April 12, 2021
“The more you read, the more things you will know. The more you learn, the more places you’ll go” – Dr Seuss. Reading is a basic life skill. It not only gives us the ability to function properly but also enriches our lives in a multitude of ways. As we find ourselves in the midst of a strange and unprecedented time, the importance of reading, especially for children, is more pronounced.
- Helps cognitive development:
Reading involves a complex network of circuits and signals in the brain. As children read more, these networks get strengthened which forms the basis of intellectual ability and makes children better problem-solvers. It also instills a lifelong love of learning, setting off an impressive chain reaction: better academic performance, better job prospects and a successful life.
- Increases Empathy:
When children read stories, they develop the ability to understand the beliefs and feelings of others. The more they know about emotions and feelings of the characters they read about, the more empathy they develop.
- Positive self-image:
They are also able to see reflections of those feelings within themselves, leading to a stronger sense of self. Research has shown that better readers have higher self-confidence.
- Improves social skills:
Through showcasing interpersonal interactions between characters, books give examples of how different people behave; effectively and ineffectively; in different situations. Coupled with enhanced empathy and an increase in vocabulary, reading is a powerful tool to develop strong social skills.
- Improves imagination and creativity:
When a child reads, they visualize the words on the page and create images in their minds, using their imagination. Their minds are constantly whirring trying to figure out what happens next. This strengthens their ability to be creative, and apply these skills in real life situations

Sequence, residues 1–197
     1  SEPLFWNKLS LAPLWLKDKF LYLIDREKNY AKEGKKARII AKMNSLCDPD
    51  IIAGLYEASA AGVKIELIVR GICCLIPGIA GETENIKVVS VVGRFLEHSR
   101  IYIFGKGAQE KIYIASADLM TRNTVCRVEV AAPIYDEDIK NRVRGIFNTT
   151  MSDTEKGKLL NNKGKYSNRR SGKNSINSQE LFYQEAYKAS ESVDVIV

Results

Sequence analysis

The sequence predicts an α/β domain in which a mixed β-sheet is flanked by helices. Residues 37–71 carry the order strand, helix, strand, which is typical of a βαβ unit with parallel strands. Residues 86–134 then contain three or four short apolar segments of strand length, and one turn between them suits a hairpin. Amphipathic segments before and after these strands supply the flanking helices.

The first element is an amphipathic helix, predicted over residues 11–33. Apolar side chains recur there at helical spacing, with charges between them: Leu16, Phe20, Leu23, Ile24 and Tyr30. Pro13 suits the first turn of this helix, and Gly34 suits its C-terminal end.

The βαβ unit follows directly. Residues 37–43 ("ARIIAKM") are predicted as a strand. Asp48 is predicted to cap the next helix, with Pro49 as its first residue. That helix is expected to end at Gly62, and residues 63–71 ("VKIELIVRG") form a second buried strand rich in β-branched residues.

- Increases vocabulary:
As children read, they get exposure to more words and more content. A better vocabulary is linked not only to higher achievement, but more importantly helps children regulate their behavior. They are better able to draw from a larger treasure-chest of words and express themselves more effectively.
- Improves communication and writing skills:
Reading shows children different ways of using words. They can see how authors have used sentence structures and grammar. This helps them with their own writing, and communication skills.
- Improves Memory:
To understand a story, a child needs to remember details of the characters, locations and what happened before. Making these connections helps them build a stronger memory.
- Aids discovery of different places and times:
Through reading, children learn about different parts of the world and about history. Much of this information is beyond their personal experience, and this helps open up and widen their minds. It exposes them to realities different to their own, and is undoubtedly and excellent form of educating about diversity.
The most important of all, reading is Fun! Books make you laugh, cry, learn, speak, listen and understand.
As JK Rowling says “I do believe something very magical can happen when you read a good book.”